UNIVERSITY PARK, Pa. – On March 23, 2021, the final round of the Penn State Law in University Park 1L Mock Trial Competition was conducted virtually. The student advocates tried a wrongful death case brought against a fraternity by the parents of a student who died after diving into a shallow pool at a fraternity party.
The first-year student advocates in the final round were Victoria Crynes, Dallas Zebrowski, Alicia Armstrong, and Luke Nelson. Penn State Law Professor of Practice Chris French was the presiding judge in the final round. The defense team of Victoria Crynes and Dallas Zebrowski was named the best team in the competition, while Alicia Armstrong was named the best advocate.
“Honestly, I was surprised to make it to the final round. I owe much of this success to the help of my teammate, Luke Nelson, and the guidance of the 1L Mock Trial Committee,” said Armstrong. “The 1L Mock Trial Competition was a great experience and I am grateful to have had the opportunity to compete against such a talented team.”
"The quality of the advocacy in the trial was the best I have seen in a 1L competition,” said French. “I was really impressed.”
French attributed the high quality of the students’ trial advocacy skills not only to the advocates themselves, but also to the 1L Mock Trial Committee which runs the competition and coaches the advocates. The co-chairs of the committee were Anna Notchick and Bailey Cole. The other committee members were Cody McGraw, Andrew Peretin, Ryan Lamon, Haley Walker, Haley Loquercio, and Makenzie Selleg. Each committee member coached one or two of the ten teams in the competition. The two teams in the final round were coached by Cody McGraw and Anna Notchik, who, perhaps not coincidentally, are members of Penn State Law’s National Trial Team.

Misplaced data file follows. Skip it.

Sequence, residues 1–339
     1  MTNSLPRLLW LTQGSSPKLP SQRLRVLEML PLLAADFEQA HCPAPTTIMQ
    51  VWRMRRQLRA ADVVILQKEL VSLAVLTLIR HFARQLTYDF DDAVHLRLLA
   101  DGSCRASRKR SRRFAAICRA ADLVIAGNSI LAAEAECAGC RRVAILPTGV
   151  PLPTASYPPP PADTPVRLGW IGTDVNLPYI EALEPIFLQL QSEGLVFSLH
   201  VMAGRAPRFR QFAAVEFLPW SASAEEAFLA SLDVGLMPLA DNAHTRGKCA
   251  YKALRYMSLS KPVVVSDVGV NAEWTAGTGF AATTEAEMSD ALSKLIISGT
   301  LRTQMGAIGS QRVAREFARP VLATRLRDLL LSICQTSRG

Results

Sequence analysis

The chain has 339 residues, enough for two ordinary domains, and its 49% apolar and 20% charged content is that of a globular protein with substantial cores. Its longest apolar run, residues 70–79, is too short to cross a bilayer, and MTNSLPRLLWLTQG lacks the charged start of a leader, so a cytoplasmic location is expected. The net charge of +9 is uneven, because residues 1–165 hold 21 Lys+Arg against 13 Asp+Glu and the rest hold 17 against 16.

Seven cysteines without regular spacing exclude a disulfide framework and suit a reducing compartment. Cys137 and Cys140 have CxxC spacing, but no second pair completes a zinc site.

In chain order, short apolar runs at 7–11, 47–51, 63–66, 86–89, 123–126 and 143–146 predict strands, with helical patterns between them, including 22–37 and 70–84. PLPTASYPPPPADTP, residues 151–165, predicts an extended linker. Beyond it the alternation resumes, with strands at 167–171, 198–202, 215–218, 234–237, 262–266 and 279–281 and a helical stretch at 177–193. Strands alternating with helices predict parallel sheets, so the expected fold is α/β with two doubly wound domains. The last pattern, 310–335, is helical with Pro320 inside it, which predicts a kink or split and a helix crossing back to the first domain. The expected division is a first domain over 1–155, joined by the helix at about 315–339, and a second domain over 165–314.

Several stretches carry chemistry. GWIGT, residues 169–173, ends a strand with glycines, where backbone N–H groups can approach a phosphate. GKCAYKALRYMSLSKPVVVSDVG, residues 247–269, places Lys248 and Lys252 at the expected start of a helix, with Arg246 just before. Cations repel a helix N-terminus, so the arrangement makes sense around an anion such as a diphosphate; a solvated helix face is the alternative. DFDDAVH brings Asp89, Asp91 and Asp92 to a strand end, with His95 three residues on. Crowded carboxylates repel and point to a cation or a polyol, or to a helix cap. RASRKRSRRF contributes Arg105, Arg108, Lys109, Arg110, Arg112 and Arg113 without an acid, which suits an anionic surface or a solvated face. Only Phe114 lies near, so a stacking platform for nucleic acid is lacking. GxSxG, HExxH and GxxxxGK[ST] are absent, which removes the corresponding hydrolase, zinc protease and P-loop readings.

“Opportunities like the 1L Mock Trial Competition are the reason I came to Penn State Law,” said Zebrowski. “I am deeply grateful for the hands-on trial experience that was collaborative and supportive – an opportunity rarely given to students so early in law school.”
“Dallas and I are both remote students and through Mock Trial we gained mentors we otherwise would never have met,” said Crynes. “Mock Trial provided an opportunity to practice litigation skills while developing relationships with upperclassmen. After every competition, our scoring judges and coach, Anna Notchick, gave us direct feedback to implement into our next trial. We were constantly learning and improving to be better prepared not only for our next trial, but for our future careers.”